Not willing to let the momentum pass, Fort Worth code compliance officials within weeks of the March release of a citizens task force report critical of the operations of the city’s animal shelter acted quickly to hire a new superintendent to oversee the facility’s day-to-day operations.
Moreover, they’ve undertaken a major staff reorganization at the shelter, are in the midst of hiring a consultant to conduct a survey of shelter employees, and the facility at 4900 Martin St. is now open seven days a week — all recommendations made in the 54-page report.
But, the report had other suggestions and now six weeks into the job, Alan C. Davis, the shelter’s new manager, is tackling them. Improving staff communication and morale is at the top. Although the report found the shelter doing a good job of caring for the animals and praised its high, live release rate through adoption, maintaining that rate is another of his goals.
Davis was among four finalists culled from dozens of potential candidates and interviewed for the position, which was left vacant by the December resignation of the last manager. Davis started May 23, just eight weeks after the City Council heard from the task force it put together to address escalating community concerns, some surrounding alleged mismanagement at the shelter.
Davis is one of three superintendents at the shelter; the other two are over customer service and field operations.
The report, which took five months to complete, Davis said, didn’t scare him away. He’s faced studies like this before in his 35 years in the industry, he said.
Rather, Davis said he embraces the report, which was most critical of internal employee communication and customer services.
“Everybody has to work together,” Davis said. “The goal is for us to be successful.”
For now, any hiring and reorganizing at the animal shelter is being done within existing resources. The city manager and council will review a fiscal 2017 budget in August and among it will likely be a $1.1 million request to bring shelter staffing and services to what was recommended in the task force report. It currently operates on a $3.4 million budget.
That could be challenging as the city continues to face tight budget constraints. The shelter will be competing for monies with other city departments also with a wish list — and a mayor and city council that want a lean operation. Animal control falls under the purview of code compliance.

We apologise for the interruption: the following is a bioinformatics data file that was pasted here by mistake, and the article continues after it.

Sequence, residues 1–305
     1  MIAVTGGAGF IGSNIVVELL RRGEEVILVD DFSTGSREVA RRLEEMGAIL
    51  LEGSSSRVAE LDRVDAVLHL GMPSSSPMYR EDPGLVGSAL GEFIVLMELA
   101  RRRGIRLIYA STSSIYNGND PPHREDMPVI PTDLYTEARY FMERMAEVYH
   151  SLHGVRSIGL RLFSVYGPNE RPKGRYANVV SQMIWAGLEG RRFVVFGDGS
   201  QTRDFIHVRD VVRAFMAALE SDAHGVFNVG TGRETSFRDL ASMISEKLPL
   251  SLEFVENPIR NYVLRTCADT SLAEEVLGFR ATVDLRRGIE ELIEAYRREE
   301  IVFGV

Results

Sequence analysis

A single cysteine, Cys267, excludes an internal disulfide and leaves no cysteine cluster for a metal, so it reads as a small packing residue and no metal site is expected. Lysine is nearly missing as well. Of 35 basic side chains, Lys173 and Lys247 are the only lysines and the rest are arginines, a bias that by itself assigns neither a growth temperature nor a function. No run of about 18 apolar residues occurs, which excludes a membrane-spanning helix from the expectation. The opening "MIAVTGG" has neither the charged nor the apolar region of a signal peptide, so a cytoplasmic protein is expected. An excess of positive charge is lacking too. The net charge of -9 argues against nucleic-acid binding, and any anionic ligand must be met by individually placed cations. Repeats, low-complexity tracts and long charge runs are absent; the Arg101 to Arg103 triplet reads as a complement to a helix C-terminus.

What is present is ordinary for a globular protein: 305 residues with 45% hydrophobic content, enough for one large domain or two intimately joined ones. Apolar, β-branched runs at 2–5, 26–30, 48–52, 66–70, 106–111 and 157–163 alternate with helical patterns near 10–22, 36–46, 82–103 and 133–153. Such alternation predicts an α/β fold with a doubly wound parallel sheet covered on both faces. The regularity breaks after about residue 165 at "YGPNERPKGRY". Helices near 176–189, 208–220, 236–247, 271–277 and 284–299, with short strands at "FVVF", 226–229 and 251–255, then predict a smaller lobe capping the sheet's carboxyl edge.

Nonetheless, the report quelled the misinformation that had been circulating on social media about the shelter, but it also pointed to its strengths and weaknesses, said Assistant City Manager Fernando Costa.
“We knew we had a problem and the task force helped us to understand the problem better,” Costa said. “Part of the problem was entirely attributable to our own operation.”
Fort Worth has a busy shelter. In fiscal 2015, animal control impounded 16,816 animals, among its highest in recent years. Of those, 12,413 left the shelter through adoption, to other rescue operations or were returned to their owners.
Years of experience
Davis comes to Fort Worth from Newport News, Va., Animal Services Division, a regional shelter, where he served as superintendent in charge of field operations. He started in the industry as an animal control officer in Pittsburgh, Penn. in 1976 and has held several top positions at shelters across the county, the longest being director of the Broward County Animal Care and Regulation in Fort Lauderdale for 19 years.
While in Florida, he served on a committee that created a state license plate that raises money to help Florida residents spay and neuter their pets in an effort to reduce the state’s pet population.
Davis “stood out” among the potential candidates, said Tim Morton, assistant director of code compliance over animal welfare and a shelter veterinarian.
“When we got to the interview process, it just solidified he was the right guy for Fort Worth and this job,” Morton said. “Alan had what we thought was the experience, the personality, the presentation and everything that just was right for Fort Worth and the shelter.”
Davis said he is impressed with Fort Worth’s attitude about wanting to improve the shelter and its openness with information about the facility, and that he’s up for the challenge.
“All these jobs are a challenge. You have to work with the system, you have to work with the government, you have to work with the citizens,” he said. “But it’s an opportunity to improve, to do better, to interact with the community to increase the care of the animals you’re entrusted with. The people who are critics, I ask them to help us.”
Davis said he initially planned to do some painting and other cosmetic changes to the facility, but those will be put on hold until after the completion early next year of the shelter’s expansion approved by citizens in the 2014 bond election.
The City Council recently approved a $1.1 million contract with RKM General Contractors for the renovation and expansion of the Chuck Silcox Animal Care and Control Facility, named for the former councilman who died in 2008.
The nearly $1.5 million project includes the addition of 100 kennels and enhanced quarantine/segregation capabilities, among other things.